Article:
“Picturing New York” continues a multi-year, multi-exhibition collaboration between the High and MoMA. The collaboration was launched in 2009 with “Monet Water Lilies” followed by “Modern by Design” in 2011. Currently, the High is presenting “Picasso to Warhol,” a major exhibition exploring the work of fourteen of the most important artists of the twentieth century: Bearden, Bourgeois, Brancusi, Calder, de Chirico, Duchamp, Johns, Léger, Matisse, Miró, Mondrian, Picasso, Pollock and Warhol. A second large-scale exhibition and one additional focus show are in development for 2012 and 2013.

    Revisiting the South: Richard Misrach’s Cancer Alley
    In 1998, the High commissioned Richard Misrach to create a body of work as part of the Museum’s ‘Picturing the South’ series. Misrach chose to develop a study on the ecological degradation of a passage of the Mississippi river between Baton Rouge and New Orleans, sometimes referred to as Cancer Alley. Like the Western landscapes for which Misrach is best known, his resulting photographs challenge viewers with environmental and political concerns while seducing them with evocative and lyrically beautiful large scale prints. In 2010, the High encouraged Misrach to re-engage with his commission work from the late 1990s. As a result, Misrach further developed the project and has pursued its publication through Aperture. To mark the culmination of Misrach’s work on the Mississippi river corridor, a group of twenty-one large scale prints will be accessioned and installed at the High in coordination with the release of Misrach’s publication, as well as in coordination with the “Picturing the South” exhibition. This will be the first time that many of these important works have been shown to a broad public.

    Kael Alford
    Kael Alford (b. 1971, Middletown, NY) is a documentary photographer and photojournalist, currently based in Dallas, TX. Alford lived in Eastern Europe from 1994–96 and covered culture and conflict in the Balkans and the Middle East for many European and American news publications. Her photography about the impact of the Iraq war on Iraqi civilians became widely recognized through the exhibition and book: “Unembedded: Four Independent Photojournalists on the War in Iraq” (Chelsea Green 2005). Alford holds a BA in Literature, an MA in Journalism from the University of Missouri and was a Nieman Fellow at Harvard University in 2008-2009.

    Shane Lavalette
    Shane Lavalette (b. 1987, Burlington, VT) currently lives and works in Syracuse, NY, where he serves as Associate Director of Light Work. He received his BFA from Tufts University in partnership with The School of the Museum of Fine Arts, Boston. Lavalette's photographs have been exhibited widely, including recent exhibitions at Montserrat College of Art Gallery; The Carpenter Center for Visual Arts at Harvard University; The Center for Photography at Woodstock; and The Museum of Fine Arts, Boston. In 2009, he was awarded the Yousuf Karsh Prize in Photography for his project "Slí na Boirne." Lavalette is also the Publisher and Editor of “Lay Flat.”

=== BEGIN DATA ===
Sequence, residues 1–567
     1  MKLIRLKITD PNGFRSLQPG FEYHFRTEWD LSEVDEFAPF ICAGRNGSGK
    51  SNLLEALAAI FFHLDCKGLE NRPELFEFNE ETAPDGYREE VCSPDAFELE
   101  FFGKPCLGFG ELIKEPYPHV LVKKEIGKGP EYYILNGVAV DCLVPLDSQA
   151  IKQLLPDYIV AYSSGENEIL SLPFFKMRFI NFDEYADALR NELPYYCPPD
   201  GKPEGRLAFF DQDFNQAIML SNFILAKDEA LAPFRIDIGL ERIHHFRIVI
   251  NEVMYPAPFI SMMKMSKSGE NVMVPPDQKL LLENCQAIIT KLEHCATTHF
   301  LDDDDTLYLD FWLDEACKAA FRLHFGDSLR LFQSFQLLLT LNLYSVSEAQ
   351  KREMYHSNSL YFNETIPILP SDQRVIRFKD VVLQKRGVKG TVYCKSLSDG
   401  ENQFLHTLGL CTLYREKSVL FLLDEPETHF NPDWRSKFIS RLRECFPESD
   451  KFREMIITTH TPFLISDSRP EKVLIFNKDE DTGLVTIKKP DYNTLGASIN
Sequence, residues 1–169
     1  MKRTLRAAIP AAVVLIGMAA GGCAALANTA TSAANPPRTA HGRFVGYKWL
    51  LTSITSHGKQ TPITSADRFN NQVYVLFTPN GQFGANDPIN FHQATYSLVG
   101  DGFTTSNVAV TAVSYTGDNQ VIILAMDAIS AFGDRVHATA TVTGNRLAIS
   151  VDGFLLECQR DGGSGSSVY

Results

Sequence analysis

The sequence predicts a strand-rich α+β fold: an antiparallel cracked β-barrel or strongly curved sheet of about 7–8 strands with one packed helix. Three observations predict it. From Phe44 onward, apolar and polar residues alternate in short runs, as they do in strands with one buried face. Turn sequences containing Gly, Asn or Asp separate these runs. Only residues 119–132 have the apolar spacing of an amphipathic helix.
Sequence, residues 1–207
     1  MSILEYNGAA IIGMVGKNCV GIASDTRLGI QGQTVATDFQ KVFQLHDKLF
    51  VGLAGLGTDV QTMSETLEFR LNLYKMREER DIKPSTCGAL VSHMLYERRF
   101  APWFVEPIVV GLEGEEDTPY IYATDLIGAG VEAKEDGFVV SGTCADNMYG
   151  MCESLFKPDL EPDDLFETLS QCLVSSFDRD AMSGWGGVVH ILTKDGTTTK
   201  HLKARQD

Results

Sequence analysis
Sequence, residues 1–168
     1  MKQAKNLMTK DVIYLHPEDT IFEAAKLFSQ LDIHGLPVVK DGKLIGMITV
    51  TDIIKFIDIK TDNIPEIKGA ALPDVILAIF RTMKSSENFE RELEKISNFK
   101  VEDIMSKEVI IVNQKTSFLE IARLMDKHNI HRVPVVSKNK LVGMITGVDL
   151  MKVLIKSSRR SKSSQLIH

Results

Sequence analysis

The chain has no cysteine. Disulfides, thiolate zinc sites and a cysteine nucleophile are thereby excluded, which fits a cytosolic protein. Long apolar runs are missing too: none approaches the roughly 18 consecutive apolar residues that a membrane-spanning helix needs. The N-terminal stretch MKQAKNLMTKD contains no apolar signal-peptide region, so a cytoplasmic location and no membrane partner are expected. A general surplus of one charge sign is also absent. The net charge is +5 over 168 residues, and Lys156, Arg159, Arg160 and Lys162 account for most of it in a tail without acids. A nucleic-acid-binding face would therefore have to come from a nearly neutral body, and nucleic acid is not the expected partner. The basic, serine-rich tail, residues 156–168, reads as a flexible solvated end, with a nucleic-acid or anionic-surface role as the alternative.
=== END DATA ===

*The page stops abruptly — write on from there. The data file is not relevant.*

Martin Parr
    Martin Parr (b. 1952, Epsom, Surrey) is a British documentary photographer, photojournalist and collector. When he was a boy, his budding interest in the medium of photography was encouraged by his grandfather George Parr, himself a keen amateur photographer. Parr studied photography at Manchester Polytechnic, from 1970 to 1973. Since that time, he has worked on numerous photographic projects. He has developed an international reputation for his innovative imagery, his oblique approach to social documentary, and his contribution to photographic culture within the UK and abroad. In 1994 he became a full member of Magnum Photos. In recent years, Parr has developed an interest in film-making and has started to use his photography within different conventions, such as fashion and advertising. In 2002 a large retrospective of Parr's work was initiated by the Barbican Art Gallery, London.

    Richard Misrach
    Born in Los Angeles in 1949, Richard Misrach is internationally recognized for his large-scale color photography. He first started photographing with a 35mm camera with the intent of fostering social change. Misrach graduated from the University of California, Berkeley in 1971, and since the late 1970s has photographed using an 8x10 camera and color film. In recent years he has begun to shoot with digital cameras. His work exploring landscape in terms of its beauty and terror is held in numerous international collections and museums, and he has been awarded with the Arts Photography Fellowship four times between 1973 and 1992. In 1993, Misrach was awarded the Koret Israel Prize. He is represented in New York at Pace/MacGill, in San Francisco at Fraenkel Gallery, and in Los Angeles by Marc Selwyn Fine Art.